Calling the county's ordinance restricting curbside laborers a violation of free speech rights, immigrant advocates filed suit in U.S. District Court on Wednesday challenging the law.
"Under our Constitution, a day laborer has the same rights to free expression as a businessperson, street musician or political activist," said Thomas A. Saenz, regional counsel at the Mexican American Legal Defense and Educational Fund, which represents the two plaintiffs.
Filing suit are the Coalition for Humane Immigrant Rights of Los Angeles and the Sindicato de Trabajadores por Dia, a union representing day laborers.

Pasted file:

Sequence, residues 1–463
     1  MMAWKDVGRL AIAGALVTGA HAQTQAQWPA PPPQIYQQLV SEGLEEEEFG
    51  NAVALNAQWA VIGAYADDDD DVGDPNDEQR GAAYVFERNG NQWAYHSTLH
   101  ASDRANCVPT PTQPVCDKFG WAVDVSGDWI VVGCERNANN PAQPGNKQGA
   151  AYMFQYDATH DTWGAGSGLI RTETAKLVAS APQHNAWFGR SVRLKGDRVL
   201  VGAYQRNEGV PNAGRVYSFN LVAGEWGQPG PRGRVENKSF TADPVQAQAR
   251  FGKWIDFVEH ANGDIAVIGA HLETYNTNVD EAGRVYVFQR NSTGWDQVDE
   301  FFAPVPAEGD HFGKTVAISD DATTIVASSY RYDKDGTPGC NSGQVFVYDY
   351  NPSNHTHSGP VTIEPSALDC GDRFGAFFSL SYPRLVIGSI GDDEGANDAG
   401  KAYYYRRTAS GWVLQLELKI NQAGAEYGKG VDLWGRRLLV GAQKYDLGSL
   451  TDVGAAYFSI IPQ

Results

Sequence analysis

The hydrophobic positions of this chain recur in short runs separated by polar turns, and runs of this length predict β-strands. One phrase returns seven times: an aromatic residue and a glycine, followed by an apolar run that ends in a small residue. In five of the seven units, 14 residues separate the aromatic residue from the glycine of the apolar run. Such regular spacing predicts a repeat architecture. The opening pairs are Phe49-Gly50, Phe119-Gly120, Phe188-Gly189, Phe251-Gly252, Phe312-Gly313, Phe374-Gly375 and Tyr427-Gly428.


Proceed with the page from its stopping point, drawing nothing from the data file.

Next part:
The 1994 L.A. County ordinance--one of a number of such laws passed in Southern California--bans day laborers from seeking employment while standing on sidewalks in the unincorporated areas of the county. Lawmakers acted in response to complaints about job-seekers from residents and businesses in Ladera Heights, East Los Angeles and elsewhere.
Proponents say the laws were needed to avoid unregulated street-side hiring practices that create traffic hazards. The lawsuit seeks to convince a federal court that the actions violate free-speech rights guaranteed by the 1st and 14th amendments.
A spokeswoman for Supervisor Yvonne Brathwaite Burke, who sponsored the day-laborer ordinance and is named as the lead defendant in the suit, said the measure had helped reduce problems associated with curbside hiring.